The New World Tapestry

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cene Two
    1605 PANEL

Among the sponsors of Weymouth’s expedition to Virginia are Plymouth cos merchants, one of whom could be Mayor Walter Mathew (arms shown here) known to be keen on developing the fishing industry off Cape Cod where the abundance of fish reported by Gosnold (1602-03 panel) could mean big profits.

On the other hand the interest of Sir Thomas Arundell (whose home Wardour Castle is featured in Scene five) lies in finding an area in America where Roman Catholics could establish a colony but Weymouth’s remit is straightforward exploration of the region between Chesapeake Bay and Cape Cod. However he takes two months to reach the New England coast because pushed further north by bad weather, he only reaches the Monhegan coast by mid-May. There he spends a month reconnoitring the main coast making contact with Abenake Indians and trading with them.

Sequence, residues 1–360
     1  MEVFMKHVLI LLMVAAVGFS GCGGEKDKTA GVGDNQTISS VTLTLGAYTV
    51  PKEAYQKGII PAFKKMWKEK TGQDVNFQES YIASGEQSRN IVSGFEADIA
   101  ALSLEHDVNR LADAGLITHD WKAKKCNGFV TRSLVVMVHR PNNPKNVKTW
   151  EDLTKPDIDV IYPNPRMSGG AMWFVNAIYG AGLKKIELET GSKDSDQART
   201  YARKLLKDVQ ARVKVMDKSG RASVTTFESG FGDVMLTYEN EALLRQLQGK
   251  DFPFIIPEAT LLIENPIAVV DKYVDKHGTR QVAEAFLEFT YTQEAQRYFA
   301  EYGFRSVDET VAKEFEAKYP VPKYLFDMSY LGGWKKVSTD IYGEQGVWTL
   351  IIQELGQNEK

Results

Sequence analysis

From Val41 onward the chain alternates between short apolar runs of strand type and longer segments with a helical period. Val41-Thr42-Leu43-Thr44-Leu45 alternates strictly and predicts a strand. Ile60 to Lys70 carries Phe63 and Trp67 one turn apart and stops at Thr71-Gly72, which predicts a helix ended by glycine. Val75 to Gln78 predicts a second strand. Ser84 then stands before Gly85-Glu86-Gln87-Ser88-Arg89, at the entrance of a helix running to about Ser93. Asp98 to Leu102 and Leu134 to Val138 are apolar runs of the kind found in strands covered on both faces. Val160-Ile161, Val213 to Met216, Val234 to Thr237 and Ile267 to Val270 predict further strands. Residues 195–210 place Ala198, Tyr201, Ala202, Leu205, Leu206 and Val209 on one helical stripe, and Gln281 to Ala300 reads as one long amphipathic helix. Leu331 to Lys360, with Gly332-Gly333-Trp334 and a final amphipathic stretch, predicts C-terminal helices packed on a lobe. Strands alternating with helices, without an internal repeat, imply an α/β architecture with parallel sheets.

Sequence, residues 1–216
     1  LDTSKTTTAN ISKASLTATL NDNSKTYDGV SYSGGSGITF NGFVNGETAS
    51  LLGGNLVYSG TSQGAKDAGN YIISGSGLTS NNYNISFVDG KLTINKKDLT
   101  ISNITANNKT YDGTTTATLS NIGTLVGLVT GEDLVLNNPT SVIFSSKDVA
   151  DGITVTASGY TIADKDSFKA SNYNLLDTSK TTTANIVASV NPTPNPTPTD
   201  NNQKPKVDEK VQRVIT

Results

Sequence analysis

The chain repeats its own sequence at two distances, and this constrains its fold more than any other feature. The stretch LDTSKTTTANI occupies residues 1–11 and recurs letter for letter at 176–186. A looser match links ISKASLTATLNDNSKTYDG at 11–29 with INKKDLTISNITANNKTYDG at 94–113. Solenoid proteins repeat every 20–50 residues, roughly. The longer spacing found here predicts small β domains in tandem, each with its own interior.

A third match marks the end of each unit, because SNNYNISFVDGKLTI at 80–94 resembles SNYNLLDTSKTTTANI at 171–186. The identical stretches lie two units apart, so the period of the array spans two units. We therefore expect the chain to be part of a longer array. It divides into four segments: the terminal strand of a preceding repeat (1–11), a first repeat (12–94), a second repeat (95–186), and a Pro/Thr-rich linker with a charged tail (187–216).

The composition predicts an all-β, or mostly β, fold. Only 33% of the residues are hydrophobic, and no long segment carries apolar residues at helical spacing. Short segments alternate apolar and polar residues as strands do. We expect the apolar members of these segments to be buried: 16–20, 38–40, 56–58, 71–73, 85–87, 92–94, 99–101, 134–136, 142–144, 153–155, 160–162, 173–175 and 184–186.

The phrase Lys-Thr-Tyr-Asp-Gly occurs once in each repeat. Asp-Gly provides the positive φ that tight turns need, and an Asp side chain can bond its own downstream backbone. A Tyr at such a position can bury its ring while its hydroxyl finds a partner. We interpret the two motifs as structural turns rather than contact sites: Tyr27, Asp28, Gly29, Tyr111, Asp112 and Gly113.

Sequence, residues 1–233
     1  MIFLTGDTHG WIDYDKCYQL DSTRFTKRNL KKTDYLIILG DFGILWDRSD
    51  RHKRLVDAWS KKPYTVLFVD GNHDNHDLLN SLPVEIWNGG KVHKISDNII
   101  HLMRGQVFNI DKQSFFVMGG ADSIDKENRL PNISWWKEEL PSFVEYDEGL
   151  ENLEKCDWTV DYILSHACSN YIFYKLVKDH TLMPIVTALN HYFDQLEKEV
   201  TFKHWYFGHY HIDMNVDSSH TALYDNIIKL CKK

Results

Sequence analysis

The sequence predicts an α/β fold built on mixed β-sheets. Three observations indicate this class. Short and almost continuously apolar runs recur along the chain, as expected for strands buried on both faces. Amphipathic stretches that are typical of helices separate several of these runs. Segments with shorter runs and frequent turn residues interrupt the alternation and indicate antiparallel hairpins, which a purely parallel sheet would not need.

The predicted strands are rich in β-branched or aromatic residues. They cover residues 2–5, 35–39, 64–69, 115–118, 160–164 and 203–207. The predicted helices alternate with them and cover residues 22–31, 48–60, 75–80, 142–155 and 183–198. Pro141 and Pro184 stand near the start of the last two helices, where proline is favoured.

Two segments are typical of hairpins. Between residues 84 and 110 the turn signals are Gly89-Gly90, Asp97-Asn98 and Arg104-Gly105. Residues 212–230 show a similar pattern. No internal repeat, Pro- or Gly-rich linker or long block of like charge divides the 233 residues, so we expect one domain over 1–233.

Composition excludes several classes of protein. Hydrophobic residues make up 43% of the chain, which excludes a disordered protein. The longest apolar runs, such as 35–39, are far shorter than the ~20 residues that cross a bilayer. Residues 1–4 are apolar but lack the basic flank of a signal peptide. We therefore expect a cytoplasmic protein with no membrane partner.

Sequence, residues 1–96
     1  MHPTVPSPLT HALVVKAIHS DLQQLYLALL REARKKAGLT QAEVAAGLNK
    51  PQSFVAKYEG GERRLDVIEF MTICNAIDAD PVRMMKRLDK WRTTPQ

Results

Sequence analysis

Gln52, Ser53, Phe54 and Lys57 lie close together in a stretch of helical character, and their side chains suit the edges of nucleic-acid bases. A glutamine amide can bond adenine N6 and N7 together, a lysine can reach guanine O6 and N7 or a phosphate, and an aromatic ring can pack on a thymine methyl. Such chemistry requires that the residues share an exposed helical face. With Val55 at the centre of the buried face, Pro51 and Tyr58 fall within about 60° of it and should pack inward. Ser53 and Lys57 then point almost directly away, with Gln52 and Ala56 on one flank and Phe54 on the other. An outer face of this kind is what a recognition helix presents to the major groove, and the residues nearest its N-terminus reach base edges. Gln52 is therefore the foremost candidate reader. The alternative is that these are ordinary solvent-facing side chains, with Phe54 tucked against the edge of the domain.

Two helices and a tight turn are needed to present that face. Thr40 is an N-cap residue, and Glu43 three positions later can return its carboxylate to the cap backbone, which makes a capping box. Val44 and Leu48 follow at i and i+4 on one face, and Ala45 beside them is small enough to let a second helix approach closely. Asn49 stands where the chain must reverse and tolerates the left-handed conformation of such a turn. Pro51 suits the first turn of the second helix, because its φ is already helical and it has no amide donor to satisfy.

The object of this commerce is to gain the Indians’ confidence and then use it for the other purpose of the voyage, to bring back, that is enslave natives to use as guides for future expeditions. The play works. The main picture shows that at Penaboscot three Indians have been lured aboard with offers of trinkets such as beads, hatchets and mirrors. Then set upon. The unfortunate brave in the foreground is dropping a mirror which reflects  you looking at the scene.

Top picture: Weymouth comes across two Indians around a fire on the beach. He gives them food to allay their fears – pease pudding and bread. Trinkets are handed over and he is pictured holding out a mirror to one of the pair. This puts them off their guard for a moment allowing the English to suddenly pounce. Amid shrieks and yells a desperate battle ensues, the unlucky duo are overcome and then dragged aboard ship together with their canoes. Mission accomplished.

tapestry photo 1605 scene two

VIOLET   Viola riviniana .  ‘The decoction of Violets is good against hot fevers, and the inflammation of the liver and all other inward parts’. Gerard.

FENNEL  Foeniculum vulgare.  ‘Fennel seed drunke asswageth the paine of the stomacke, and wambling of the same, or desire to vomit, and breaketh winde’. Gerard.

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